While waiting for my food I noticed that the young girls who had waited on me were looking at me curiously. It was obvious they were talking about me. Dung told me they were complimenting me on my very white skin and my beautiful blond hair. I’ve seen other people staring at me and even been aware that they were talking about me, but I just thought they were amazed to see a woman traveling alone. I am beginning to realize what a sensation the blond hair is making in this country.
After lunch we went to a private home where they were weaving traditional Vietnamese sleeping mats. Except in the poorest homes, these mats are no longer used for sleeping, but they are still used as floor coverings. Each day the weaver squats on a long wooden bench, upon which the mat is balanced. Using a long bamboo stick, the older woman on the ground feeds a length of reed through the mat, then the younger woman uses a long, flat piece of wood to compress the strand into the emerging mat. In this fashion they can produce two mats per day, which they sell for about $6 each at the market. They stopped working for a moment and asked Dung if I wanted to try. Nooooooooo! My legs are a little like jelly from the motorcycle, so the thought of having to squat down, balance on that bench, and work that wooden press all at the same time struck fear into my heart. I had visions of falling through the half completed mat and costing them half a day’s work. As they rested, I again noticed a few furtive glances my way and some talk between the two women. I thought I recognized some familiar words. “It’s the hair again, right?” I asked Dung. “Yes, she say you have good body, very slim, very beautiful hair,” he translated. Yeah, right. Good for a laugh, though.
Our final stop was at the Buddhist Temple in town that is famous for its giant white Buddha statues. This is an extremely beautiful temple built atop one of the highest hills in Nha Trang. Normally I would have been able to tell you EXACTLY how many stairs there were to the top. But today I was caught in the rain twice while riding the motorcycle, forced to use two squat toilets with no paper (ah, but I had my portable toilet paper with me!), and fought off a half-dozen very persistent beggars (apparently the government hasn’t been as successful eradicating the begging in the rural areas). I am hot, covered in sweat, sunburned and exhausted. I stopped counting half way up and I was at over one hundred steep, granite steps. It was worth it, though – at the top I was rewarded with a panoramic view of the city all the way to the ocean.
We returned to my hotel around 4:30 PM and, although I had checked out early that morning, Dung arranged for the hotel to allow me to use an empty room to shower and change clothes before boarding the night bus to Hoi An. As usual, I have tried to cram too much into too little time, but there is so much to see in Vietnam and 14 days is just not enough. I must have been crazy to book this day tour back-to-back with the 11 hours night bus trip, but it worked out just fine. Fortunately I had no seatmate this time, so I was able to stretch out across two seats.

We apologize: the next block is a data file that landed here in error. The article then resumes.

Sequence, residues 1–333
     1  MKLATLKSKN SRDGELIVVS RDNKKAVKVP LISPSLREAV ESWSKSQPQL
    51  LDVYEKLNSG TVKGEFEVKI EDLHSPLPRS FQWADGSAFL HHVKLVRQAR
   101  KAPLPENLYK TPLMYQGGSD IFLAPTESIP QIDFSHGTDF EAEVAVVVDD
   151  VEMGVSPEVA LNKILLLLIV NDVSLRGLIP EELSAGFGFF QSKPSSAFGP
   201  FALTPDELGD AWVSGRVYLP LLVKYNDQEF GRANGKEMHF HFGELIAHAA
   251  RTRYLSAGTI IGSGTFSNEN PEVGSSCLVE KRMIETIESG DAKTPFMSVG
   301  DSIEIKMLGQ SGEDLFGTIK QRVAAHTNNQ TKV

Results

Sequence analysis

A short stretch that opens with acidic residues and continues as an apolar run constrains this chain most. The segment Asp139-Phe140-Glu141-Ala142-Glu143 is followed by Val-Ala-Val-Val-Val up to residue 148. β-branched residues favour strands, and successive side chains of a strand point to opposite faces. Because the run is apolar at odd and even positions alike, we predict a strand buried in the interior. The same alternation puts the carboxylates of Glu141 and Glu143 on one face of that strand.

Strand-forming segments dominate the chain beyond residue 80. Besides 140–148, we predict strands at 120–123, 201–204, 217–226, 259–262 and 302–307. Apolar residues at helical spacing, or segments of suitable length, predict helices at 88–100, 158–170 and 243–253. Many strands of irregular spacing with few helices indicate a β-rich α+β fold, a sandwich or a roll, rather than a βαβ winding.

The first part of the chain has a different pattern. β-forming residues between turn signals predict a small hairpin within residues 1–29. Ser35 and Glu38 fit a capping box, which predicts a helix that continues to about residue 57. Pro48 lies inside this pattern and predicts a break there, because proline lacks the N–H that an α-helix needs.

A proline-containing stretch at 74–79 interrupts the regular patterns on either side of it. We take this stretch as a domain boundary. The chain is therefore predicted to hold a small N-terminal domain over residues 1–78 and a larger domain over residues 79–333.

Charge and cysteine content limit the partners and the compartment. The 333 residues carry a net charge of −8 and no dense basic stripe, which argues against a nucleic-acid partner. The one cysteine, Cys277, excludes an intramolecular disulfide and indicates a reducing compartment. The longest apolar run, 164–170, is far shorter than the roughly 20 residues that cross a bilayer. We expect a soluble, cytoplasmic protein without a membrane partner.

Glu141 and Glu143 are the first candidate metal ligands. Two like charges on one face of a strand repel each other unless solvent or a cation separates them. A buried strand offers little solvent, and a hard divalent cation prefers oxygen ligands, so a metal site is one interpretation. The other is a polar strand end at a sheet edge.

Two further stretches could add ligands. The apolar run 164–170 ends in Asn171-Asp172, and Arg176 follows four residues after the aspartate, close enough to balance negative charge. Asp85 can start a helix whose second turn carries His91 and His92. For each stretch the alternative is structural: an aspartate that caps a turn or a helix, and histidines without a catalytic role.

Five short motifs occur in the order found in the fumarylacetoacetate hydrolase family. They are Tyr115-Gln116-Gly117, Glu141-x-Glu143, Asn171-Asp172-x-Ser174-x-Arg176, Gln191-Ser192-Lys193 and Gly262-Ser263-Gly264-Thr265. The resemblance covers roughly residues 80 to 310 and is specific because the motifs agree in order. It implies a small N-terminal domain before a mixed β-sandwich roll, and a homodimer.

We arrived in Hoi An at 6:30 AM and I sat patiently while the bus shuttled around to various hotels in town (obviously hotels owned by friends of the driver), encouraging passengers to get out and take a look at the rooms in each location. I made my reservation yesterday – I’m at the Tranh Binh III Hotel, right in the center of town. We finally arrived at my hotel about 7:30 and the front desk clerk told me I’d have to wait about an hour for my room to be ready, so I headed for the breakfast buffet. The bellboy fetched me an hour later and carried my suitcase up the two flights of stairs to my room (no elevator). Nice room, I think, when he opens the door. After he leaves I snap a few photos of the room and take a look around. Every Vietnamese hotel I have stayed in so far has a set of rules posted on the wall and in each case one of the rules was “no prostitutes allowed.” This hotel, however, has a bit of a different twist on the rule: “Bicycles, motorbikes, pets, fire, arms, explosives, inflammables, stinking things, and even prostitutes are not allowed in the hotel.” I can’t figure out if that means they don’t have much of a problem with prostitutes, or if t means that stinking things are much less desirable than prostitutes. Or maybe they’ve just had one too many non-Vietnamese speaking guests say Sin Chao with a rising inflection….
At the moment, it’s pouring rain again, so I figure it’s a good time to catch up on my blogging. Please, I pray, let the electric plugs in this hotel work (at the last one, sometimes they worked, sometimes they didn’t). The first couple of times I plug in the adapter and the plug I get nothing but a low electrical buzzing. I figure, maybe it’s just not getting a good enough connection, so I pull a stool over to the plug, set my purse on top of the stool to attain exactly the height I need, and push the entire affair up against the adapter and plug. Voila!!! Power to the laptop. But no Internet connection in the room, despite representations to the contrary when I booked this place. Oh well, they have free Internet access on computers in the lobby, so I’ll just have to go through a few more steps to post my blogs and photos. For the time being, I’ll compose on the laptop, then copy to a CD, and upload from the CD using the computers downstairs. There’s more than one way to skin a cat. Now, I’d better go for a walk, rain or no rain, before I stiffen up (groan).